Potentially one of the richest of the former Soviet republics, with natural gas estimated as high as 3.7 trillion yards, Turkmenistan has been unable to exploit its energy reserves because of its geographical isolation and governmental system. Thirteen years after the implosion of the USSR, the equitable distribution of the Caspian’s waters remains an elusive goal among the five riparian states. Russia, with the backing of both Azerbaijan and Kazakhstan, has held out for each state receiving 20 percent. Iran has held out for a division based on national coastline. Turkmenistan has wavered between both positions and has yet to make a definitive choice.
Ashgabat nonetheless has recently renewed its efforts to reach out to regional and international investors to develop its offshore Caspian reserves. Last December, Turkmenistan began negotiations for a production sharing agreement with the Zarit consortium (consisting of the state-run companies Rosneft and Zarubezhneft) and Russian gas company Itera to develop blocks 29, 30 and 31 in Turkmenistan’s Caspian Sea sector along the Iranian border. Turkmen officials have not ruled out the future possibility that the consortium will eventually include Iran. (RIA Novosti, March 28). Ashgabat is hoping to attract up to $25.6 billion in foreign investment by 2020 to develop its Caspian oil and gas resources, an amount double current foreign investment in Kazakhstan. Last year the Azerbaijan State Caspian Shipping Company transported 4.08 million tons of Turkmen crude to Baku for loading into the Baku-Novorossiisk and Baku-Tbilisi pipelines for transshipment to the Black Sea. (Assa-Irada, Jan. 7). Turkmenistan has used CSC tankers since the mid-1990s and remains committed to exporting its oil through the Caucasus to western energy markets in Europe.
For Turkmenistan, Iran represents a logical transport route for its energy. Despite Washington’s displeasure, President Saparmurat Niyazov proposed constructing a pipeline to transport Turkmen oil across Iran to the Persian Gulf to Iranian Foreign Minister Kamal Kharrazi during a visit to Ashgabat. Kharrazi said after meeting with Niyazov, Iran would like to increase the amount of oil transited from Turkmenistan and double its trade with Turkmenistan, currently some US$500 million annually, to US$1 billion (IRNA, 4 April).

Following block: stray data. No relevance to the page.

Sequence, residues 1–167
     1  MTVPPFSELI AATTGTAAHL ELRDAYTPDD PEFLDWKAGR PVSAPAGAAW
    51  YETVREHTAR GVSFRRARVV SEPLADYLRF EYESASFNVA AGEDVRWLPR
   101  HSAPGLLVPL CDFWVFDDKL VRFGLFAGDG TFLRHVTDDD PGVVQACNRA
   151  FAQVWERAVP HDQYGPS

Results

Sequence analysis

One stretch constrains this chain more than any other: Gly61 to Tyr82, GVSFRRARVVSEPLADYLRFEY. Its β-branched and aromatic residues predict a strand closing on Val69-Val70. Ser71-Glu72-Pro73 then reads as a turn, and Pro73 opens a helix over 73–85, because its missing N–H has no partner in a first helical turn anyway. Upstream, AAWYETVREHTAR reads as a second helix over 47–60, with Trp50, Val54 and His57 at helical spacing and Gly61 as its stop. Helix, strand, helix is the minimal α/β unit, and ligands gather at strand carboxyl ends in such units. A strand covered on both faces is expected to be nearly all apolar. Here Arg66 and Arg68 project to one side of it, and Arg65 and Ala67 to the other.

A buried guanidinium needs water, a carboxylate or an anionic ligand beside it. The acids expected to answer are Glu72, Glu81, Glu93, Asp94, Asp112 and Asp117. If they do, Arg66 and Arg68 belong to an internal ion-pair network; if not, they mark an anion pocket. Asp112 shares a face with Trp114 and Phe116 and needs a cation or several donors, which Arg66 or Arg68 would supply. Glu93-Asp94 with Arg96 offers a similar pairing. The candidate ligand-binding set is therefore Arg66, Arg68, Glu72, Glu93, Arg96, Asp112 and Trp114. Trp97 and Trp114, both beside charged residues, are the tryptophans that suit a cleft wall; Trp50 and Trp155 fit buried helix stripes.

Nor is Turkmenistan limiting itself to former Soviet states in its search for partners. Dublin’s Dragon Oil Company is also working in Turkmenistan’s Caspian waters. (La Prevensa, April 12.) In December, Dragon Oil announced its intention to issue US$18 million in new shares to fund an exploration project, an offering equal to about 10 percent of the existing share capital. Investor interest is certainly there; Dragon Oil noted in a statement, “The placement was materially oversubscribed. Application will be made to the Irish Stock Exchange and to the London Stock Exchange for the new ordinary shares to be admitted for trading.” Dubai’s Emirates National Oil Dragon owns two-thirds of Dragon Oil; the company said earlier in the year that it plans to raise output in Turkmenistan by 15 percent to 20,000 barrels a day by January 2004. Dragon sells its output to Caspian refiners or participates in oil swaps with Iran, which takes Dragon Oil’s output to its northern refineries and swaps it for an equal amount of Iranian oil in the Persian Gulf. Turkmenistan has also signed offshore exploration contracts with Denmark’s Maersk Oil and Malaysia’s Petronas.
But what Turkmenistan dreams of is a pipeline of its own, preferably one to the Arabian Sea that would take advantage of the energy-hungry East Asian markets. Ashgabat is starting construction of a 106-mile oil pipeline that is due to be completed by January 2005 to transport crude oil from deposits in Korpedzhe to the Caspian port of Turkmenbashi. A consortium of Ukrgazpromstroi, Turkmenneftegazstroi, Caspro Pipeline Service AG, Ferrostaal Piping Supply GmbH and John Heinr Bornemann Gmbh will build the US$60 million pipeline, which will supply up to 3 million tons of oil a year to oil refineries in Turkmenbashi (Novosti, March 26).
Turkmenistan’s oil output has been rising dramatically; in 2003, Turkmenistan produced 10 million tons of oil, a 111 percent increase over 2002. The reserves are there, as is both regional and international investor interest. The biggest bottleneck that the country currently faces is the nature of its government. If it becomes less xenophobic and more investor-friendly, Turkmenistan’s energy boom could soon come to resemble Kazakhstan’s. Once one of the most promising Central Asian energy countries for western energy investment, Turkmenistan has shed into virtual isolation since Turkmen President Niyazov abandoned its participation in a U.S.-backed project to export Turkmen gas to Turkey in the late 1990s. After ending its participation in this project, Turkmenistan has leaned increasingly toward Iran as a possible energy corridor for its energy exports. The reclusive Turkmen president has for all practical purposes abandoned his countries’ effort to export gas through Afghanistan since the US energy company UNOCAL halted its efforts to build a gas pipeline through to Pakistan and India.